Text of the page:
But I don't know if it really is that time consuming as most recharge token work can be done after or
Before the players turn.

Getting dice, interpreting them for the cards and picking which card to use are the major time hogs as my table. And the initiative system too, but haven't given that much thought as it doesn't really slow eote down. But the combination of the initiative system and all the fiddly parts may be a bad mix.

If everyone has their card and dice ready when it's their turn, then they only need to make the check and get the result. Recharge tokens can be put on cards as the next player is up. I'll try a streamlined initiative so everone knows when their turn is up and can be ready, for our next session and see how that goes.

Edited by Gallows, 20 August 2013 - 01:01 AM.

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#59 BigKahuna

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Posted 28 August 2013 - 08:02 AM

WFRPG 3.0 in my humble opinion has been probably one of the most memorable and fun gaming experiences I have had since the days of 1st edition AD&D.  It's clever, engaging and unique.

 

It's unfortunate however that its been such a short lived and lightly printed edition, its understandable to a degree given the countless components and sheer volume of the game but I would have like to have seen more story module box sets.  The print on demand I find kind of pointless as it adds the one thing this game doesn't need anymore of, mechanic detail.  What we need is more cleverly written adventures for the game.

 

None the less I consider my set complete at this point in terms of everything I wanted/needed.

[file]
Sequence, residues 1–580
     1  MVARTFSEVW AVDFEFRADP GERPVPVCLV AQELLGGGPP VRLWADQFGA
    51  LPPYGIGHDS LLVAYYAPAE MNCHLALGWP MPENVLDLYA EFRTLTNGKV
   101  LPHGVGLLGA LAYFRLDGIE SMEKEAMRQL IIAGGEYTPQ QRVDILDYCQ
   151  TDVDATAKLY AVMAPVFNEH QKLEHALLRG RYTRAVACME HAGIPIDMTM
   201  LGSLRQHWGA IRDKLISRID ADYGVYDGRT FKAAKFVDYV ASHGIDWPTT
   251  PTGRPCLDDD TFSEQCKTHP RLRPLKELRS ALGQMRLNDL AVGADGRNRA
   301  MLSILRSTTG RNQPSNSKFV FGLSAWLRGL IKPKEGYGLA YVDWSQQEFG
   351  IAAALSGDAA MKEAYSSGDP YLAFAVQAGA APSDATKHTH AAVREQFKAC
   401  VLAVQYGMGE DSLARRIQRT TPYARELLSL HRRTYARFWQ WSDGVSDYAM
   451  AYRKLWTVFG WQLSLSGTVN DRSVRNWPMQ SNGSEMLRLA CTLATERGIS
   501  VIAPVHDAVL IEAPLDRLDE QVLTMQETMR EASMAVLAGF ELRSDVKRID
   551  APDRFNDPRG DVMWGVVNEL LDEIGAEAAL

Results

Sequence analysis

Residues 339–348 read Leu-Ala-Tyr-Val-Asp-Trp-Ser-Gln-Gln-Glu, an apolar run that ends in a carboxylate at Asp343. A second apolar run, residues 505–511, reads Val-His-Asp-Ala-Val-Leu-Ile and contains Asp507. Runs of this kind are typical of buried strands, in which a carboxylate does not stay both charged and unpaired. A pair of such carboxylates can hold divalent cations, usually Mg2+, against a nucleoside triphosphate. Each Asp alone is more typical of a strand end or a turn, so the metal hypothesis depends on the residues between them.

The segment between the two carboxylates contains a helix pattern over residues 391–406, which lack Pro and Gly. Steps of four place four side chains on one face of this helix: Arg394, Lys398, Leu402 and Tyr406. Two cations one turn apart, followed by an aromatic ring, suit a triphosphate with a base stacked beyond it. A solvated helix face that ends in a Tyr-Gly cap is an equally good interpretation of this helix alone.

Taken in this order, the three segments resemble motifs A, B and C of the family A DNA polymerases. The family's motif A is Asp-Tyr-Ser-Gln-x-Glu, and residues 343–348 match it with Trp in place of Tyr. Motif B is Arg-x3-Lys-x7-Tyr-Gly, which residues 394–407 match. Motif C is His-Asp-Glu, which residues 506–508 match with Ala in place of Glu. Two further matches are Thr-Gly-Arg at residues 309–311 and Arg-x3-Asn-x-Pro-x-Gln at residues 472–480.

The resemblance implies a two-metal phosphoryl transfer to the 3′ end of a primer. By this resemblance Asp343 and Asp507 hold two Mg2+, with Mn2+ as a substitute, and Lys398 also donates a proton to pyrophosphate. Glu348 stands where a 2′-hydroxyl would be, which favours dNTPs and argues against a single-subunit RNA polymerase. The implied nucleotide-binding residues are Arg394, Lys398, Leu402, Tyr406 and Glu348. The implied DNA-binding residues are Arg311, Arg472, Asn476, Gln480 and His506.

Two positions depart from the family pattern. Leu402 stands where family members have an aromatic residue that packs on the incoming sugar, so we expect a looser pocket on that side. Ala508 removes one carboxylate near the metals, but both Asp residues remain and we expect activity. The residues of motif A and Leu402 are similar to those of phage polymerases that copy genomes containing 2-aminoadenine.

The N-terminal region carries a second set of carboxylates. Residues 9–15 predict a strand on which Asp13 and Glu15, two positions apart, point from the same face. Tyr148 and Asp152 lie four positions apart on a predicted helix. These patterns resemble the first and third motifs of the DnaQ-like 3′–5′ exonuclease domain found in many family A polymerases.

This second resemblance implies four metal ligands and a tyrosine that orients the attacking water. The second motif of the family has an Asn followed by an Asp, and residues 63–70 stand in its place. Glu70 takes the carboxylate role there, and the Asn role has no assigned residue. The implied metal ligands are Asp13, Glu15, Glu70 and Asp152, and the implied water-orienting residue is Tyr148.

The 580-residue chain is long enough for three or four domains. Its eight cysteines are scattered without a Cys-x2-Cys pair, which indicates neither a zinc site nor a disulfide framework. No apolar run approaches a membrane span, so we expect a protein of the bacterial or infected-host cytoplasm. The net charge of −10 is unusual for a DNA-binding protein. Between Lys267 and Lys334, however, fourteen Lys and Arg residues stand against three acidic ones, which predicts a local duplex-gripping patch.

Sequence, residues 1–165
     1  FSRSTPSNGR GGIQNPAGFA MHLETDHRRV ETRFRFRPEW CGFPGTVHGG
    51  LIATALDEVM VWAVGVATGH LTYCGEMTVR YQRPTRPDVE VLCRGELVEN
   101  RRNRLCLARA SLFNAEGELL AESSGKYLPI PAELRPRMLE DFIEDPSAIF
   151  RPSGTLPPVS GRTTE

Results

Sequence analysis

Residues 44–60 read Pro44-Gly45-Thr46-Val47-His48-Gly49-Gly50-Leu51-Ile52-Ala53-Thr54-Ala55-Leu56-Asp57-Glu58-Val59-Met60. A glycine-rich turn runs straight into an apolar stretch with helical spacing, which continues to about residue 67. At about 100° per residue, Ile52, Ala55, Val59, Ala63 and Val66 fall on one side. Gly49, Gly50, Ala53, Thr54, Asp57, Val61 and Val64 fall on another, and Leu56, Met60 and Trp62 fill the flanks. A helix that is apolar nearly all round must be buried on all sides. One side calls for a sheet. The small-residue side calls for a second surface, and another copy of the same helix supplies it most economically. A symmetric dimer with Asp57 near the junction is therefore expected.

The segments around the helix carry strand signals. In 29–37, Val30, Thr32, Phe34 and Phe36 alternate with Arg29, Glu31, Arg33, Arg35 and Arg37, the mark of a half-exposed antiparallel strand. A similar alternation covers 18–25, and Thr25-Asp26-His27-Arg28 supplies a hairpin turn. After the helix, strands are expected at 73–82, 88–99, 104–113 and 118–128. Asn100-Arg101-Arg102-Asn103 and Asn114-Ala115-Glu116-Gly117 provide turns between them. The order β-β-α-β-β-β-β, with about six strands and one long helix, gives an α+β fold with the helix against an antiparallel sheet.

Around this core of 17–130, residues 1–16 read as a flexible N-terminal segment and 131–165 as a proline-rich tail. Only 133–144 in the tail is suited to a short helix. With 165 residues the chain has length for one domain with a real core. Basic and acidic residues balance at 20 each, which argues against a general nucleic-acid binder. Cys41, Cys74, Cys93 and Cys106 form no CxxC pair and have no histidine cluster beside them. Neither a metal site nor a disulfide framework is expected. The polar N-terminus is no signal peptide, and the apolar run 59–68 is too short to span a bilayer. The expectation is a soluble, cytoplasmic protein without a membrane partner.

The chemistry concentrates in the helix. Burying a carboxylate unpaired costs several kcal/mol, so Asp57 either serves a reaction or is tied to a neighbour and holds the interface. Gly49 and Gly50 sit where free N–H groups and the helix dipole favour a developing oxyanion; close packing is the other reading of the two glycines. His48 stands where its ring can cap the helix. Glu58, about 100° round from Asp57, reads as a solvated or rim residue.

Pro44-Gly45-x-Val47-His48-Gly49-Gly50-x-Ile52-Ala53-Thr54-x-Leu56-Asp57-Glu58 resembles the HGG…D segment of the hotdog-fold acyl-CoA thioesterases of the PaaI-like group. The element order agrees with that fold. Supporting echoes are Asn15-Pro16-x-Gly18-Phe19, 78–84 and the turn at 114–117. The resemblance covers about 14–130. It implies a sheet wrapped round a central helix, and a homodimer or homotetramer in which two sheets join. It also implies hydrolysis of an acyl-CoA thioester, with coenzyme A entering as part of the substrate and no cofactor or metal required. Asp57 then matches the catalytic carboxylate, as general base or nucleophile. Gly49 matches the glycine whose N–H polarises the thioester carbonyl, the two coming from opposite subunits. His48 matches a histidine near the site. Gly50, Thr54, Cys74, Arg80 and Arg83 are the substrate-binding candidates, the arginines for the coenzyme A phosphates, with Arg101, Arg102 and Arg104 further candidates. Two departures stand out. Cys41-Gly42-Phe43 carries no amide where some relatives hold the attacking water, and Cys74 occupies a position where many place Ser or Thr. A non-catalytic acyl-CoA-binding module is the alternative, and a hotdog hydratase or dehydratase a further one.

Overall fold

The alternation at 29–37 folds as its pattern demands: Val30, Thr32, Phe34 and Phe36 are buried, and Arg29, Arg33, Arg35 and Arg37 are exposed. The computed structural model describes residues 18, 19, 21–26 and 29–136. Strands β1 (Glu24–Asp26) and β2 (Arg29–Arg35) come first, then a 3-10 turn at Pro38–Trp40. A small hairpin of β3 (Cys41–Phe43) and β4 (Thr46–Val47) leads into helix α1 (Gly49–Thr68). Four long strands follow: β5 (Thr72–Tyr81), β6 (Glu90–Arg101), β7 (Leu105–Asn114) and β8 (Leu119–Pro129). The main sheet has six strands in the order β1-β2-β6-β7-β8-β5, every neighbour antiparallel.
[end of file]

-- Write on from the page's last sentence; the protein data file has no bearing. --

If I where to say anything negative about the game I would point out that the game doesn't play well with more then 4 players. Even if you have the components, its really geared more towards smaller parties 2-4 players, maybe 5 if everyone knows the rules well and keeps their areas tidy.  I tried to run a session with 6 players and it was an awful mess that made a six player Twilight Imperium game in round 8 look clean.

 

I would also have to say that the game is really really tough from a player perspective and this isn't always appreciated by every audience.   Characters die and they die often, its a rare campaign that see's all the characters survive with their mental state in tact.  Its a brutal game though it appeals to me personally, I would be lying if this wasn't one of the more frequent complaints we here at our tables.

 

All and all though, given the epic failure of 4th edition, this game really saved fantasy role-playing for me.  


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#60 abidibladiduda

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Posted 28 August 2013 - 04:19 PM

The game delivers many great rp helps for players to flesh out their character. Most other system don't have much to do with actually rp and just support you with stats and rules which I don't find that interesting. I do not see how the system is tough from a player perspective. I do not feel that the system kills you faster then others. It's just that the system doesn't have a million hooks that save you. You usually only die because you are playing a character that acts in a way that doesn't support living long and retiring at some point not because the system is out to get you no matter what. I personally hate when systems avoid player death because it takes the joy out of survival and does take away the feeling of accomplishment that you get when you survive even though the going gets tough.

The published adventures are okay I guess but they have faults. Just like any published adventure of any system has. Some are good some are bad but in the end it depends on your GM anyways.

 

From a GM perspective I cannot say anything negativ. I just love the system. In addition I really like how the system supports me in giving flavor by interpreting dice rolls. Of course if you do not enjoy that the system might feel like it's wasting your time. I also cannot say that I need a lot of time preparing a session but that might also depend on the fact that I don't use published adventures myself.

I cannot talk about published adventures from a GM perspective because I do not use those. But the warhammer lore is so rich and great that I also do not feel like I would need them anyways (which I would hate).